One year ago, he walked into a Juventus team fresh off winning a fourth consecutive Scudetto and third straight double under the leadership of Rita Guarino.

But the mission was clear for Montemurro in Turin: maintain their domestic dominance, while laying the groundwork in Europe.

Could Juve – in an Italian league set to go professional next season – compete with the European juggernauts in the Women’s Champions League – Wolfsburg? Lyon? Chelsea?

Juve set a benchmark after becoming the first Italian team to reach the knockout phase of the Women’s Champions League. They pipped 2020-21 runners-up Chelsea to the quarter-finals.

Eventual champions and record eight-time winners Lyon ended Juve’s run in the quarters, though they did become the first ever team to beat the French giants in a Champions League first-leg knock-out tie.

“Juventus, it’s all about winning, trophies and being dominant as a brand and a football club,” Montemurro said.

“The gauge was going to be Europe. Is the game in Italy, is Juventus good enough to compete with the better teams in Europe? It was going to give us a good gage because of the format of the Champions League.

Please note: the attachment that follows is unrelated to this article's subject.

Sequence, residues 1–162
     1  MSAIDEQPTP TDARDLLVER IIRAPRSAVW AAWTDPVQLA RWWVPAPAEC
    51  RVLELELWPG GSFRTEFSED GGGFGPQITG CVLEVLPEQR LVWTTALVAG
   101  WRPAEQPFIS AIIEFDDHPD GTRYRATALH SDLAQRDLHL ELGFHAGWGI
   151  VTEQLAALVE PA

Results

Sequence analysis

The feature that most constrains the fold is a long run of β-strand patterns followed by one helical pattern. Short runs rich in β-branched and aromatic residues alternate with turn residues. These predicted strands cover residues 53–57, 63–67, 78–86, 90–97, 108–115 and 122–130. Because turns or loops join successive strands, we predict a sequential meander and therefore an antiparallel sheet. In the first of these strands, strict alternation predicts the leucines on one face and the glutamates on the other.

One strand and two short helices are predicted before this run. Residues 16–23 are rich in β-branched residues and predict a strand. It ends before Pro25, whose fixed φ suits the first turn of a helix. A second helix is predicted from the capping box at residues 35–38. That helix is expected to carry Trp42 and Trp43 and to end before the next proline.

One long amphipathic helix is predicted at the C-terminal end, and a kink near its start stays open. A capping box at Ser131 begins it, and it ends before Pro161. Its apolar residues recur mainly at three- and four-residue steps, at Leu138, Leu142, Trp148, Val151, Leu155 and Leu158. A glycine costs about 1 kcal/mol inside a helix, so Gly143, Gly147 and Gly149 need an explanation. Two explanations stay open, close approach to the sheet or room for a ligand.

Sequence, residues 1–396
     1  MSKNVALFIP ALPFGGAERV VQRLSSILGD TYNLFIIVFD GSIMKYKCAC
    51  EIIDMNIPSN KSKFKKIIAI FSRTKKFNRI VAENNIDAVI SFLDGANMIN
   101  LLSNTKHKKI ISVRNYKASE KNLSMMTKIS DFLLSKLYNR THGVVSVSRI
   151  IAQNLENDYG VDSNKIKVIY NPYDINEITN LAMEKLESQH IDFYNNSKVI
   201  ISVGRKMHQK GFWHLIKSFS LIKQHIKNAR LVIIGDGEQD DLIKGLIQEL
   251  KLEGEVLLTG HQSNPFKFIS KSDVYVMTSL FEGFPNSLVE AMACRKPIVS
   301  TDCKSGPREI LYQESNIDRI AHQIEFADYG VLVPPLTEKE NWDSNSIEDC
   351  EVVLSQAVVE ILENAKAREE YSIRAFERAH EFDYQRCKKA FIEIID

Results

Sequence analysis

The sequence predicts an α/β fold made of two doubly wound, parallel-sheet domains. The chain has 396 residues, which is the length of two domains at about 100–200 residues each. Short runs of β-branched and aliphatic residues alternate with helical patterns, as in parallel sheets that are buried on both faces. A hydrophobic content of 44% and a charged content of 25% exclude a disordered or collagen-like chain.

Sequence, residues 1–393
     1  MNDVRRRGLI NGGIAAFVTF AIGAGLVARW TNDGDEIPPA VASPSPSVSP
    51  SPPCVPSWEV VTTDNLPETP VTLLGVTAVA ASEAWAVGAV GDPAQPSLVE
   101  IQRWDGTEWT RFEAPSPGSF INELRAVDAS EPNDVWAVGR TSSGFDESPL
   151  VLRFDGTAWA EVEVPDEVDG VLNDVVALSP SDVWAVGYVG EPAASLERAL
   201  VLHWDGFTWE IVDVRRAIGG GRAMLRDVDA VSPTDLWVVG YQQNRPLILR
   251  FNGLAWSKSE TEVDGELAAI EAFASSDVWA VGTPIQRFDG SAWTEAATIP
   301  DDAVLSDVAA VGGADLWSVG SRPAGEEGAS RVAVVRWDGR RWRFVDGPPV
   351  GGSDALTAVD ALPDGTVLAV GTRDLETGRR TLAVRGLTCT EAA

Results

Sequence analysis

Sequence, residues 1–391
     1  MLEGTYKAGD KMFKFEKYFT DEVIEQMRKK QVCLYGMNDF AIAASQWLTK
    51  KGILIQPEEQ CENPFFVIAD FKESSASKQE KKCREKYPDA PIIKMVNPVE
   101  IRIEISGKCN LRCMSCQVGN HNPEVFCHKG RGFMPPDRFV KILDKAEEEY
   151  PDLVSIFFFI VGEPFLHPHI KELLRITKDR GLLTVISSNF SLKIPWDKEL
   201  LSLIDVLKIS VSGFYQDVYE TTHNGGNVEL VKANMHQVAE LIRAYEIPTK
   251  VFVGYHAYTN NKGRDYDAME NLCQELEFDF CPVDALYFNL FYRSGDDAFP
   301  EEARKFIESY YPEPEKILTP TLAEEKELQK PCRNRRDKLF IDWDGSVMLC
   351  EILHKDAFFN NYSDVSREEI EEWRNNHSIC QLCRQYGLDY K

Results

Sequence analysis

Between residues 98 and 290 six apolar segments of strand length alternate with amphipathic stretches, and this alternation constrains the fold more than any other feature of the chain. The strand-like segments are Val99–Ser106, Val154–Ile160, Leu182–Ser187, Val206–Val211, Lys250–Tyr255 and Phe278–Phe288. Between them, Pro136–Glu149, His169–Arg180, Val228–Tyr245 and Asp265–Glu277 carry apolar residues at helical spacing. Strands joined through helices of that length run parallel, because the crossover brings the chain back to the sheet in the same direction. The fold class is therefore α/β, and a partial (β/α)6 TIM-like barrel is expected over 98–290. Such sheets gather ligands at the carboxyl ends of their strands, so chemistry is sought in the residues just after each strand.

“It was going to tell us a bit more of a truth because one game, one situation and you’re out in the old historic way of the Champions League. Now you have six games and have to plan with your domestic situation.

“Lets be brutally honest, the Italian women’s league doesn’t have the glitz and glamour of the WSL, the Bundesliga or Ligue 1, it doesn’t have the image that probably the top three or four leagues have.

“The pressure was on from day one because domestically they had one everything. Rita Guarino the coach before me did a fantastic job.”

Transforming Juve through his methodology

“Ultimately I’m just a salesman,” Montemurro said.

“I’m selling a product to the players and staff, and saying ‘okay we’re going to play football this way and this is how we’re going to do it, we’re going to play this way because it will lead to this’.

“When you have everyone buying into that football culture, it unites everyone.”

And he sold his vision.